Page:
Pensions  

Liberty Sipp claims continue to grow as £52m paid out

Liberty Sipp claims continue to grow as £52m paid out

The Financial Services Compensation Scheme has paid out £51.8m in compensation on claims it received against defunct self-invested personal pension provider Liberty Sipp.

The lifeboat scheme told FTAdviser has received 1,804 claims against the Sipp provider, which was declared in default in late January. 

Of these 1,441 have been successful, 178 unsuccessful and a further 185 are still being processed.

According to the latest administrators report, published on Companies House last week (November 24), the joint administrators wrote to 2,903 clients identified as having complaints or potential complaints shortly after their appointment to advise the firm.

Therefore the FSCS could still see a number of claims heading its way.

Liberty Sipp was placed in default at the beginning of this year (January 25), which is when the FSCS started to pay out on successful claims.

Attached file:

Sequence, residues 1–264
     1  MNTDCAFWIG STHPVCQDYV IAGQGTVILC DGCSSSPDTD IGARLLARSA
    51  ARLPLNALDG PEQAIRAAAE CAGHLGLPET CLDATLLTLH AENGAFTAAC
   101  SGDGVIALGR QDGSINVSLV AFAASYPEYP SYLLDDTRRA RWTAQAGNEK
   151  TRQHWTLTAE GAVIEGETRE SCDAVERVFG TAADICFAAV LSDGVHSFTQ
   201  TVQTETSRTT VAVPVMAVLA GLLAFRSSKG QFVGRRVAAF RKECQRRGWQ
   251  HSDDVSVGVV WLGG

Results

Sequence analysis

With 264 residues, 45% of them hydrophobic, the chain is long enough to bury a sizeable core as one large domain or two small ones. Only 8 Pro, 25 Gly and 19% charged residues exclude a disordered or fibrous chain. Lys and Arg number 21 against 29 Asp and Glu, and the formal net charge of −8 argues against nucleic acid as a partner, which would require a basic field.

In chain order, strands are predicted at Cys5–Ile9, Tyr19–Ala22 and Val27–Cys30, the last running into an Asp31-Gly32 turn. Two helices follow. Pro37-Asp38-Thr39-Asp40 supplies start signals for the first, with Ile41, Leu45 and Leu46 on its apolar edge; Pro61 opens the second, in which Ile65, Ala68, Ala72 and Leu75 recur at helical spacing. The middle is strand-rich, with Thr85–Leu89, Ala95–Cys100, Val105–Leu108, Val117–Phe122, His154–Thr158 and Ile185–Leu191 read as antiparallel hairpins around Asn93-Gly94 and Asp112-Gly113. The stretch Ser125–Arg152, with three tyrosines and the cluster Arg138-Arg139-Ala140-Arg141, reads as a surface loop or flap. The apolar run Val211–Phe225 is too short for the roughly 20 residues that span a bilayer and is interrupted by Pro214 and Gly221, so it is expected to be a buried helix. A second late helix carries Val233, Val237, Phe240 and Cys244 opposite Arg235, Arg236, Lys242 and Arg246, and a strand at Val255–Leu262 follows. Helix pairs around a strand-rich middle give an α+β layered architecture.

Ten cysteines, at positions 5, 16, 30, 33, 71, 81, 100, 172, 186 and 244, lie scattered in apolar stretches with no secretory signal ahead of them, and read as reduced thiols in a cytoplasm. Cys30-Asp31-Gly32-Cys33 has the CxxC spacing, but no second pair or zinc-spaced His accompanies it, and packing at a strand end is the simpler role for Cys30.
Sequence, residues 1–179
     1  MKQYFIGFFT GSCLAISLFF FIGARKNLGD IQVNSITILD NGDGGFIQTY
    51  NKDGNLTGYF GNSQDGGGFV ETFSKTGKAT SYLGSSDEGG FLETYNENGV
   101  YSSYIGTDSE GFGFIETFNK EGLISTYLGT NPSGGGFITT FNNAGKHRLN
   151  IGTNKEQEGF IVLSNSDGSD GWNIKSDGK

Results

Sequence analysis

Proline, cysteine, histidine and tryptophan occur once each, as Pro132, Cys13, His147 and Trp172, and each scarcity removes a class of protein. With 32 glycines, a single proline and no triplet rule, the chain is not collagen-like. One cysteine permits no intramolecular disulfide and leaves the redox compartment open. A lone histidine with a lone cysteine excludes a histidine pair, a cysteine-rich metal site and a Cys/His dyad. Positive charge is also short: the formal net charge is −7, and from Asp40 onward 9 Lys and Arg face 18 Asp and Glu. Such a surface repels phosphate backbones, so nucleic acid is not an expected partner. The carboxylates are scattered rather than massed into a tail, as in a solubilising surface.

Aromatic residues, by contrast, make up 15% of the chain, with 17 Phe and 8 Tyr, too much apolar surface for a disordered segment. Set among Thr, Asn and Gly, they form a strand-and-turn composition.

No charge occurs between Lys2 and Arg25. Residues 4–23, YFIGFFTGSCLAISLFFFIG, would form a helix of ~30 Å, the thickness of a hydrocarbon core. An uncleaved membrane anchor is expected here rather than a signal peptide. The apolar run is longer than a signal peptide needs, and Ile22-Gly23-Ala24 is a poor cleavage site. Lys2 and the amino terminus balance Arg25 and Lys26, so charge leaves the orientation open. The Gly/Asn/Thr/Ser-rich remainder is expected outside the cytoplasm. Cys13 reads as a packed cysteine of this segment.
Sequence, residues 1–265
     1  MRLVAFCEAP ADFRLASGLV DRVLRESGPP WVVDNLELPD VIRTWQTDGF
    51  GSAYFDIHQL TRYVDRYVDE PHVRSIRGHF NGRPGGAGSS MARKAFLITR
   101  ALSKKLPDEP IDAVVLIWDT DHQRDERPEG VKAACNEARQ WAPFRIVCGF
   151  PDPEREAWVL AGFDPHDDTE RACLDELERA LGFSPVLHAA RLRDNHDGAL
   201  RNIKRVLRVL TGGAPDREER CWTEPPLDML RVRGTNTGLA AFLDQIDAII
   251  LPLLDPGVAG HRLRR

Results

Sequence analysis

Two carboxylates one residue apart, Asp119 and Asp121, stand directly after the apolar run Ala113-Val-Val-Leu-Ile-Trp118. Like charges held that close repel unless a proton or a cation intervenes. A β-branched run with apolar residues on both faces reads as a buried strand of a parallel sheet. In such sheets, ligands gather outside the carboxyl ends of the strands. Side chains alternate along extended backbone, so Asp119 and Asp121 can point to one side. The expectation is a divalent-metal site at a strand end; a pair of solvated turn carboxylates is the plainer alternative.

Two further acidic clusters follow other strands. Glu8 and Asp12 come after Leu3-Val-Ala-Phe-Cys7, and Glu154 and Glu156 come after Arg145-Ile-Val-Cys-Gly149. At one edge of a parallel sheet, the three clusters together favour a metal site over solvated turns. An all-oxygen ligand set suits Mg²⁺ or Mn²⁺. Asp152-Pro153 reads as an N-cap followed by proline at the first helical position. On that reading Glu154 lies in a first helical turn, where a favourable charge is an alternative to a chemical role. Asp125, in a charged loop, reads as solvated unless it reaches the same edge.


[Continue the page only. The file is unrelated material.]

In June a group action against Liberty Sipp fell apart after a statutory moratorium was placed on the proceedings. 

But because Liberty Sipp fell into administration in April 2020, before the trial was due to take place, a statutory moratorium was placed on the proceedings and will remain in place unless an application is made to lift it.

According to the administrators report, no application has been made to lift the stay on proceedings.

FTAdviser understands Wixted & Co had acted on behalf of 28 claimants and that test cases were selected and a trial was initially due to be heard in September 2020.

The provider was advised to enter administration in April last year due to the number of claims it received relating to high-risk non-standard investments.

The Liberty Sipp Limited business and customer assets were sold to EBS Pensions Limited, part of the Embark Group, in October 2018, which then rebranded the Liberty Sipp to Option Sipp.

However, the legal entity Liberty Sipp Limited was not part of the sale and retained its liabilities, which were later passed on to the FSCS. 

Liberty Sipp had facilitated high-risk investments in unregulated products such as Ethical Forestry. 

amy.austin@ft.com

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